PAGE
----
Scottish Crover robot mixes and checks grain quality in bins

08-02 | |
The Crover prototype is powered via cable and remotely controlled. By 2025, Crover aims for full autonomy. - Photo: Geert Hekkert
The Crover prototype is powered via cable and remotely controlled. By 2025, Crover aims for full autonomy. - Photo: Geert Hekkert

At the World FIRA 2024 agricultural robot event in Toulouse, France, the unassuming Crover caught attention not for its flashy appearance, but for its practical application: monitoring and managing grain quality in grain silos. It addresses a job where growers often face risks or perform tasks too late, resulting in significant grain loss due to quality issues.

In a small-scale model of a grain silo, the latest version of the Crover robot sifts through the wheat. Sometimes, the wobbly vehicle pauses, inserting a probe into the grain. It then analyzes moisture content and temperature at a depth of 1.5 meters, both factors crucial for grain storage and quality.

As the probe emerges, the robot, propelled by two vertical augers – each driven directly by electric motors – continues along the edge of the silo. The auger propulsion ensures thorough mixing of the grain, preventing crust formation on the surface and along the walls of the silo due to factors like condensation.

Occasionally, the robot teeters backward. However, at the top of a sled, the electronic control unit and sensor module are mounted, allowing it to slide forward and backward as a balancing mechanism when navigating inclines.

Automating a practical problem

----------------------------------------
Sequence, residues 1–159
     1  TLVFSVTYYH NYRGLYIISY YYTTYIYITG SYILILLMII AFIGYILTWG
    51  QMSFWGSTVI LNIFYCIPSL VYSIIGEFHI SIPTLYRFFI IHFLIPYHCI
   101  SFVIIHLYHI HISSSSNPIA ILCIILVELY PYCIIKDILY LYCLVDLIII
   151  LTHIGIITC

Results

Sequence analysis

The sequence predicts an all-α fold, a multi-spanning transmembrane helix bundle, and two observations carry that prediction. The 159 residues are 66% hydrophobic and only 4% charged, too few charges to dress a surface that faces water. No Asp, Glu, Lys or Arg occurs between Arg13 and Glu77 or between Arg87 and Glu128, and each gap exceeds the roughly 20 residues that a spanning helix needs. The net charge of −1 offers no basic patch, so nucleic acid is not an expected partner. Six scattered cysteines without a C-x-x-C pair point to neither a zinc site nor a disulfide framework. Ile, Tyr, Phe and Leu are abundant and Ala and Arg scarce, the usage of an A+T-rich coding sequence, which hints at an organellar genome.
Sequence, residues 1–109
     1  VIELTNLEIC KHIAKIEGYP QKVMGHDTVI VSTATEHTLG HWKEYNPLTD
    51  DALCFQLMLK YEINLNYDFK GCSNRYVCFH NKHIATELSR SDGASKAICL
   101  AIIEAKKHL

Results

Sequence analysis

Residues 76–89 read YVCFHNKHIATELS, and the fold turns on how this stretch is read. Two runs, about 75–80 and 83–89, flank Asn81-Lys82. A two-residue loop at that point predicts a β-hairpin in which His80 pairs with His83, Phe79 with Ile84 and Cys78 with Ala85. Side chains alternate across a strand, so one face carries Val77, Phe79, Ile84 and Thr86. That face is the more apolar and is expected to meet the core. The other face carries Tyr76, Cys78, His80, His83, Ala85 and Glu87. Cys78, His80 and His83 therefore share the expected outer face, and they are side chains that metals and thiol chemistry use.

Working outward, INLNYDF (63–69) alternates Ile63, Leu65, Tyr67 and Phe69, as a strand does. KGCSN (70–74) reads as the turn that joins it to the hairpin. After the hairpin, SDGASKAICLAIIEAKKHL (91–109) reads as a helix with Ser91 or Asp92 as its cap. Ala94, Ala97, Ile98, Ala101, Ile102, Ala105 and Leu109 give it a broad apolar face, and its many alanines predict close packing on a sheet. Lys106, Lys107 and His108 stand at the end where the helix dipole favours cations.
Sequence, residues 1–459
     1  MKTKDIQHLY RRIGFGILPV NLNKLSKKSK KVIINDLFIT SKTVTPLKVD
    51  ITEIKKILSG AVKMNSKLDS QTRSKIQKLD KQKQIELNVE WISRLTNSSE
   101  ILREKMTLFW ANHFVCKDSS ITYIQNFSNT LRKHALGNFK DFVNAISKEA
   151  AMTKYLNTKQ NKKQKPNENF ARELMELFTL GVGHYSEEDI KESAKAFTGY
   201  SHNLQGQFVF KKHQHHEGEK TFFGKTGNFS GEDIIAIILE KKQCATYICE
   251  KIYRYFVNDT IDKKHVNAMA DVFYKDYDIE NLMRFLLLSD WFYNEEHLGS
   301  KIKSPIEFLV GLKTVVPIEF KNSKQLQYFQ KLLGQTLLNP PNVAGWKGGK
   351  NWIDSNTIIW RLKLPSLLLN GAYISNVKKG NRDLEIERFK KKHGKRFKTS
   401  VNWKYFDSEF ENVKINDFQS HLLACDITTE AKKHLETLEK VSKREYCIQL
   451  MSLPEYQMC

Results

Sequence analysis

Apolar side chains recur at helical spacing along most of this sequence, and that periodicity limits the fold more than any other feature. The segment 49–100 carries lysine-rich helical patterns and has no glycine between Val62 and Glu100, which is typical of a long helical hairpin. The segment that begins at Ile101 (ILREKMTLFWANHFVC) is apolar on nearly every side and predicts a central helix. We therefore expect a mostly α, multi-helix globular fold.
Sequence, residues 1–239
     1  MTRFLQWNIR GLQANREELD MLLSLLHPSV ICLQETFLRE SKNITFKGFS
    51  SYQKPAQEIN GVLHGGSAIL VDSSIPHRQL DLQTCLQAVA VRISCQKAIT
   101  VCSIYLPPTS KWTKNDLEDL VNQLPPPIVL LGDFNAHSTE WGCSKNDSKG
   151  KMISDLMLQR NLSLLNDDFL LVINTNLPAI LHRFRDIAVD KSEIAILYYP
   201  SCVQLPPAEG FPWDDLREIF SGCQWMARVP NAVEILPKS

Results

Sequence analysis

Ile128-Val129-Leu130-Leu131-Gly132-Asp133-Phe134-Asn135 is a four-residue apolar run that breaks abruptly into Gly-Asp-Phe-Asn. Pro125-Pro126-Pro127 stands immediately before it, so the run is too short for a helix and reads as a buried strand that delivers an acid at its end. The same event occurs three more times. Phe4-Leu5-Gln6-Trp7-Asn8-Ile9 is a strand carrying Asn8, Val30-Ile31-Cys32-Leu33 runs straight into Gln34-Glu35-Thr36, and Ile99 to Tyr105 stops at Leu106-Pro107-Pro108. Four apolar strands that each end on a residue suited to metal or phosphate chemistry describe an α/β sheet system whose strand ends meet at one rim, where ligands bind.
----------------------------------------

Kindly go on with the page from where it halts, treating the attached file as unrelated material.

Once placed atop the grain in the silo, the Crover can intervene locally and preventively to address grain issues caused by mold formation or harmful insects. Developers also plan to equip the robot with modules to administer insecticides or fungicides locally at an early stage.

The Crover can also connect directly to the ventilation system, activating it upon detecting early increases in humidity and temperature favorable for mold or insect growth. This allows for faster response by activating fans before resorting to chemical means.

Priced at approximately $ 15,000 each.

Scottish company Crover intends to equip the robot with a tool for taking samples to send to the laboratory for analysis. Work is underway to make the roughly thirty-kilogram robot fully autonomous, capable of continuously monitoring silo status as needed. Initial safety certifications are expected in the coming months, focusing on fire risk prevention and avoiding grain loss. Crover aims to have the first market-ready units by 2025, priced at approximately $ 15,000 each. Grain producers with multiple silos can choose to relocate the robot weekly or invest in multiple Crovers.

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Geert Hekkert Chief editor of Future Farming